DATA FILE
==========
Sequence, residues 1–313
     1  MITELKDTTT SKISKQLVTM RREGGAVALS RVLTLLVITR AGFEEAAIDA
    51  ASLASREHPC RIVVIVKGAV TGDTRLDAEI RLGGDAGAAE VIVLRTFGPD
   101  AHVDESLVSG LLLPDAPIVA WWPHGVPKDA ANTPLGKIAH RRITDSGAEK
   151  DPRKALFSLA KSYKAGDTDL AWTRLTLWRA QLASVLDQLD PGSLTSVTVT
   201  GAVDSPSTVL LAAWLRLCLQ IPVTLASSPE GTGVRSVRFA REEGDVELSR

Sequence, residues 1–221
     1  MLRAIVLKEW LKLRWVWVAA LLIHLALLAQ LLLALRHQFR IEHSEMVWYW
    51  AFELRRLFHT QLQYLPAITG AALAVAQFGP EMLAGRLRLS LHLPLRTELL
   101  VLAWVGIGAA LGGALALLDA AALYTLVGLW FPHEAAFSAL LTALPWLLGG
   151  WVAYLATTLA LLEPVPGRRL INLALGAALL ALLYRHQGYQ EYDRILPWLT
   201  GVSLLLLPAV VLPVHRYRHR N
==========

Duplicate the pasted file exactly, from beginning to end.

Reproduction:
Sequence, residues 1–313
     1  MITELKDTTT SKISKQLVTM RREGGAVALS RVLTLLVITR AGFEEAAIDA
    51  ASLASREHPC RIVVIVKGAV TGDTRLDAEI RLGGDAGAAE VIVLRTFGPD
   101  AHVDESLVSG LLLPDAPIVA WWPHGVPKDA ANTPLGKIAH RRITDSGAEK
   151  DPRKALFSLA KSYKAGDTDL AWTRLTLWRA QLASVLDQLD PGSLTSVTVT
   201  GAVDSPSTVL LAAWLRLCLQ IPVTLASSPE GTGVRSVRFA REEGDVELSR

Sequence, residues 1–221
     1  MLRAIVLKEW LKLRWVWVAA LLIHLALLAQ LLLALRHQFR IEHSEMVWYW
    51  AFELRRLFHT QLQYLPAITG AALAVAQFGP EMLAGRLRLS LHLPLRTELL
   101  VLAWVGIGAA LGGALALLDA AALYTLVGLW FPHEAAFSAL LTALPWLLGG
   151  WVAYLATTLA LLEPVPGRRL INLALGAALL ALLYRHQGYQ EYDRILPWLT
   201  GVSLLLLPAV VLPVHRYRHR N